Regional bank considers M&A deals in ‘challenging’ market

A non-major lender has been conducting advanced due diligence on potential acquisition targets as it sees M&A as a key growth strategy in an industry it believes is under the threat of disruption from new fintech players. 

Addressing shareholders at the group’s AGM in Hobart yesterday, MyState Bank chairman Miles Hampton said the company’s statutory result over the 2016 financial year – up 4.5 per cent to $31 million – was impacted by a new banking platform and one-off costs associated with advanced M&A due diligence.

“In each of the past three years, we have invested substantial sums as we have sought to identify and negotiate M&A transactions,” Mr Hampton said.

“To date, our investment in this area has not resulted in a successful transaction. However, increasing the scale of our business remains a key priority and we will continue to seek out value accretive M&A opportunities,” he said.

In August, MyState confirmed that it had held M&A talks with non-bank lender La Trobe Financial.

The MyState chairman said the bank’s loan book continues to grow ahead of system, and in FY16 grew from $3.5 billion to $3.9 billion, an increase of 8.7 per cent. Customer deposits grew 8.9 per cent to $2.7 billion over the same period.

“To ensure that we remained within targeted capital ratios, we issued $25 million Tier 2 notes in August 2015,” Mr Hampton said.

“Further, in May 2016, we established a new warehouse trust that increases funding capacity and will also deliver an improvement in securitisation funding costs.”

As a result, the bank had a total capital ratio 13.04 per cent at the end of FY16, compared with 12.68 per cent in June 2015.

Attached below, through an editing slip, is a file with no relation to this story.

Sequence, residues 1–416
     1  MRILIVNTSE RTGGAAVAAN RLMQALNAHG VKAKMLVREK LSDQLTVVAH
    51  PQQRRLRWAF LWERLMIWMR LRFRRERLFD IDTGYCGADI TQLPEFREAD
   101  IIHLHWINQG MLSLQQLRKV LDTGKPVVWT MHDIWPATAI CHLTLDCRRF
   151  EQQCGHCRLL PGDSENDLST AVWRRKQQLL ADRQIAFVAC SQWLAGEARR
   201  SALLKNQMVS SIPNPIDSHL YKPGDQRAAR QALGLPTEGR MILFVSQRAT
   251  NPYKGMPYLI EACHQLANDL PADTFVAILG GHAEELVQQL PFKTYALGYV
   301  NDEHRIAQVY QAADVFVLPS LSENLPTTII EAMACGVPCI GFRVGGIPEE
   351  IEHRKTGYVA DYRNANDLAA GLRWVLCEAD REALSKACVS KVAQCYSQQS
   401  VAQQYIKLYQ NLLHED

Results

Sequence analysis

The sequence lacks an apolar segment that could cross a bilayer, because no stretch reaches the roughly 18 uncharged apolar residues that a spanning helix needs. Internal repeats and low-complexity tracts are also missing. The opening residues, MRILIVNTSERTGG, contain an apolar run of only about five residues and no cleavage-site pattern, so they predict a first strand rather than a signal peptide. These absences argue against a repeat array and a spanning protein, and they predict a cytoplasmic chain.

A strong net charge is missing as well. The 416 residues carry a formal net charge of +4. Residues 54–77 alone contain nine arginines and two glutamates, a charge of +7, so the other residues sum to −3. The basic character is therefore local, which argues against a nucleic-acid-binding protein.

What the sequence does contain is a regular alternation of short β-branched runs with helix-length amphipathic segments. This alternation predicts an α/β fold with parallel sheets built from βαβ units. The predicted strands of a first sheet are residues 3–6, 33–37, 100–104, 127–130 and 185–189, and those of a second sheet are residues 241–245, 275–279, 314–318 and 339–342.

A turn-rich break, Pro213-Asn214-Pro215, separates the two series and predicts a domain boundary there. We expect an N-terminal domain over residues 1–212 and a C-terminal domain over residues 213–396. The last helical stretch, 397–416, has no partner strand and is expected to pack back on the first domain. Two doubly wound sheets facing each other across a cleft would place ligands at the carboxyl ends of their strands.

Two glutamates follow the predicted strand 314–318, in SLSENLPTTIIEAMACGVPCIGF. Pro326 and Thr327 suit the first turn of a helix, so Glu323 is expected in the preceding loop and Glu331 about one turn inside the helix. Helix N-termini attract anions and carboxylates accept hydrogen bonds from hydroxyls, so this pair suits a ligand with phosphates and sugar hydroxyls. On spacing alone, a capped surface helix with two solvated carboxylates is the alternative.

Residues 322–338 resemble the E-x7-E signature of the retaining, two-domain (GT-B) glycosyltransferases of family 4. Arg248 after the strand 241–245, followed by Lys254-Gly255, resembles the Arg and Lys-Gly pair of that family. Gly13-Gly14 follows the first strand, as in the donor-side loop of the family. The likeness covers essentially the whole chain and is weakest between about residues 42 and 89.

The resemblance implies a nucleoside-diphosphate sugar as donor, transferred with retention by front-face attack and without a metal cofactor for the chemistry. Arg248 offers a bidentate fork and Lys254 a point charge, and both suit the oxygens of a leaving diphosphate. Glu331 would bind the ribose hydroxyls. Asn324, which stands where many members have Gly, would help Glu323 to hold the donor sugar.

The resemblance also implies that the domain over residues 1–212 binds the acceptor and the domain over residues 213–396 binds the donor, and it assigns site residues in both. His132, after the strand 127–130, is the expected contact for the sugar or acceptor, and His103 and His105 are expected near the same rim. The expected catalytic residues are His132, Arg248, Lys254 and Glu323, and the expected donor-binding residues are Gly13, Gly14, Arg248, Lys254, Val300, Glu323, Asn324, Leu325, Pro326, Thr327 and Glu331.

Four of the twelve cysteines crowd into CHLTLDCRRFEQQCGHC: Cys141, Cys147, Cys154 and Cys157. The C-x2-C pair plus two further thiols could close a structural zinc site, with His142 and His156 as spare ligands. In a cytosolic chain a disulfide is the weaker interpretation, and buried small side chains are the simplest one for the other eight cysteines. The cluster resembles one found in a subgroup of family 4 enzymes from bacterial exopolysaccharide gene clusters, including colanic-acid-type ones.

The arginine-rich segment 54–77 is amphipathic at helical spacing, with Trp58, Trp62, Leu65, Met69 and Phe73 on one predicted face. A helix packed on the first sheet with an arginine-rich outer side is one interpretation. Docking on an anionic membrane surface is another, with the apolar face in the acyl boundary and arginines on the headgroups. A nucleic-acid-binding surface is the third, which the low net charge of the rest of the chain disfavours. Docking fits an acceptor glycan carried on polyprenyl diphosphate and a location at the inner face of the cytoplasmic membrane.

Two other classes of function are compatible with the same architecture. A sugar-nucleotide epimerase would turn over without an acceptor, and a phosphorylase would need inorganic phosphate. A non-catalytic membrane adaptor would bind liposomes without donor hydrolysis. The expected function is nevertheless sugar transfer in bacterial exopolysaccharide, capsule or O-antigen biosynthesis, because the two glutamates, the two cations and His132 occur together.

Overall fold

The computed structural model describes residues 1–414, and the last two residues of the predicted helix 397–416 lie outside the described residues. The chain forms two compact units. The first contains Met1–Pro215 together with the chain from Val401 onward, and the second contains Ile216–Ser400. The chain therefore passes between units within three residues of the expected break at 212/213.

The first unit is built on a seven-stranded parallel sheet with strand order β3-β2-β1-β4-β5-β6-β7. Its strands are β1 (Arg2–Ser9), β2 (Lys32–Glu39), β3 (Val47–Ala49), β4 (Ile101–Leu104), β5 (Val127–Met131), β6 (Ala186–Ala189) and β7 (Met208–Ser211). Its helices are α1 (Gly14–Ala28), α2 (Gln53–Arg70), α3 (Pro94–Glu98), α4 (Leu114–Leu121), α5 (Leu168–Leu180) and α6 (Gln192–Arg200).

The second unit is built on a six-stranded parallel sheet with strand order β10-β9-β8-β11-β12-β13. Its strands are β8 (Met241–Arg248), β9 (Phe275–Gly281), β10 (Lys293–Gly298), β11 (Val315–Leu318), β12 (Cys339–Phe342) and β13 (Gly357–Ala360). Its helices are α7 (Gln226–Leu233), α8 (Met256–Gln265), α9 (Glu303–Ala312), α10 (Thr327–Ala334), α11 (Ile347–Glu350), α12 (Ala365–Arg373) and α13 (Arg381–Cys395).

Headwinds from wealth management, fintech

Separately, Mr Hampton said criticism has “engulfed the banking and wealth management industry”, which presents significant challenges.

“It appears that significant numbers of customers of some industry participants have suffered from poor service and worse still, poor advice,” he said.

“This does not reflect well on the sector and we face the risk of greater regulation if it continues. At MyState, we remain vigilant to conduct risk and whilst I cannot say it will never happen here, I can say that we recognise the risk and constantly monitor our business to minimise the possibility of us having similar issues to those that have impacted some of our larger competitors.”

The emergence of new fintech players also poses a challenge for traditional banking models, forcing banks like MyState to take a more proactive approach to innovation, Mr Hampton said.

“There is no doubt that the traditional banking and wealth management business models will be impacted as others seek to take market share from us. Our challenge is to monitor, to respond where appropriate and from time to time be prepared to be an innovator ourselves.”

[Related: Bank boss on acquisition path]

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